Bacevich’s response to the conflict’s moral dimension is almost dismissive. Yes, I suppose we also have an obligation to help Mexico weather its own bout of internal conflict. That’s why I’m in favor of reforming our drug policy. But fulfilling our moral obligations elsewhere and securing a minimal standard of internal stability for a country wracked by violence for much of the past three decades are not mutually irreconcilable goals. Attempting to demonstrate the absurdity of our mission in Afghanistan by comparing it to the plight of our southern neighbor is a non-sequitur – Mexico is not a failed state, and the same prescriptions that apply to a wild and lawless country in Asia have little relevance south of the border.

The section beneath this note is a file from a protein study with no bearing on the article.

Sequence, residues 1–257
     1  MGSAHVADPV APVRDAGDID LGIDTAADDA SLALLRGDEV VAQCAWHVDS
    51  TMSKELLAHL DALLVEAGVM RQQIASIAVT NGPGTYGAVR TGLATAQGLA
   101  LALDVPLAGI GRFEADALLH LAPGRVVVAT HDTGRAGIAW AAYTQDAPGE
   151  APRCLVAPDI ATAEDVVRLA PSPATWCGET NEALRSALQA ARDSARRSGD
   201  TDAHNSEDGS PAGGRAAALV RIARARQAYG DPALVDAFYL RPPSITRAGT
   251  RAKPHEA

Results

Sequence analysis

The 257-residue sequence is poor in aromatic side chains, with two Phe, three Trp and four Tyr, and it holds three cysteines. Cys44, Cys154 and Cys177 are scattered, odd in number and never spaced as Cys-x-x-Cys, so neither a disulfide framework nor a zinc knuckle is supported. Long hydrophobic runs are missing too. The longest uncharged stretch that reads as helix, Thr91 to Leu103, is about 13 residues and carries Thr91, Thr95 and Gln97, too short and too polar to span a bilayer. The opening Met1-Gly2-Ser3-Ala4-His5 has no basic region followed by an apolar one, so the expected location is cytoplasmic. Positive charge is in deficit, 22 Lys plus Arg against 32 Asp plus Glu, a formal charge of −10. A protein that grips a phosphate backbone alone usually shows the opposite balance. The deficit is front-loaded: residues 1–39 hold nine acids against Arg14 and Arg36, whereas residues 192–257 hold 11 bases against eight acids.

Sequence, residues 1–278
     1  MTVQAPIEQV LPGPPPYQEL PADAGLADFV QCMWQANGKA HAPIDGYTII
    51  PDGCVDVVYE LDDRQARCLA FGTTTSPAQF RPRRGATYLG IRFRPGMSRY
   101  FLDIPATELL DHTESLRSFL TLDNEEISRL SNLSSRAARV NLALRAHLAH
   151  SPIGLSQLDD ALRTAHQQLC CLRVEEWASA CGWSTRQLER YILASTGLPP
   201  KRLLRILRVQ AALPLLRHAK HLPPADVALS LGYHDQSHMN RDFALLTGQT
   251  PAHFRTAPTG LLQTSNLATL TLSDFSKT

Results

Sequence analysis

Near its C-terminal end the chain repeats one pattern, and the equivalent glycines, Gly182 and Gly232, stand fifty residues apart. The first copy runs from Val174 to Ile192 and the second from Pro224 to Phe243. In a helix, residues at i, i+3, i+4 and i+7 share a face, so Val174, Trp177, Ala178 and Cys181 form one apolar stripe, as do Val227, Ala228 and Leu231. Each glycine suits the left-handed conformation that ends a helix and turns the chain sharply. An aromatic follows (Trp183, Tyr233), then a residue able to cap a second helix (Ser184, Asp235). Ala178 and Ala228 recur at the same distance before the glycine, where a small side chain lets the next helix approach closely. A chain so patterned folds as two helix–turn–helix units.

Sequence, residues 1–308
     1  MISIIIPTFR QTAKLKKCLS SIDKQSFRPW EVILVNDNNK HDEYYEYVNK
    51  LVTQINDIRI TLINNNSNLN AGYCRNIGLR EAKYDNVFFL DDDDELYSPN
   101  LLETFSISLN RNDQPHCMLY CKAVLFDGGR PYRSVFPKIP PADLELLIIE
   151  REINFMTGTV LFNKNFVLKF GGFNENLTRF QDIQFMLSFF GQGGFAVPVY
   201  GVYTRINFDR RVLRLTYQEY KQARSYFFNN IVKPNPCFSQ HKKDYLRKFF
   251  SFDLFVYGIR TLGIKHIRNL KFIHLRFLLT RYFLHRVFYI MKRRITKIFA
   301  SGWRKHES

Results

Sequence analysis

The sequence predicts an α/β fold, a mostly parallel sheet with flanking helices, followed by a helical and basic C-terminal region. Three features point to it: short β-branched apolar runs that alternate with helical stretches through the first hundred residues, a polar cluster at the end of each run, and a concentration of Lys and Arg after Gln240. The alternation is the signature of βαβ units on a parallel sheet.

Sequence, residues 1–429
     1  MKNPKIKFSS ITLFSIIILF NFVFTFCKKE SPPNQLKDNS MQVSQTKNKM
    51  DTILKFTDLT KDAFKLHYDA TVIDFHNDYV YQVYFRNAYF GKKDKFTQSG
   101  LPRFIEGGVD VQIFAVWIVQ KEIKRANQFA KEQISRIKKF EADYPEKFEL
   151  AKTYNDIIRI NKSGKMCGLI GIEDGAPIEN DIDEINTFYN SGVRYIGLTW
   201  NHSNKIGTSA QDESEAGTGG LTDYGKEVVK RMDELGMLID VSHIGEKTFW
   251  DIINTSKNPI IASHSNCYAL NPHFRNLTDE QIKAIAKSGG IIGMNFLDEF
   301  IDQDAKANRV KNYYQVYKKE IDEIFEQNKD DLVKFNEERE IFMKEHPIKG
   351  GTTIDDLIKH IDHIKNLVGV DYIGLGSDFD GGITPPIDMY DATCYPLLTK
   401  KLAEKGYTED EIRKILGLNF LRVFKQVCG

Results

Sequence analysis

There’s also some tension between non-interventionists’ laudable concern for avoiding further civilian casaulties at the hands of the U.S. military and their almost cavalier attitude towards the consequences of withdrawal. Bacevich, for example, is in favor of “precision, punitive strikes” to prevent Al Qaeda from reconstituting after we leave. Presumably he refers to the same aerial strikes that have wreaked so much havoc in Pakistan over the past few years. We now know that increased reliance on air power risks greater civilian casualties – does anyone seriously believe that these ‘punitive strikes’ will become more precise post-withdrawal? Or are we in danger of endorsing a ‘risk-management’ strategy that trades the exposure of U.S. troops for even more civilian deaths?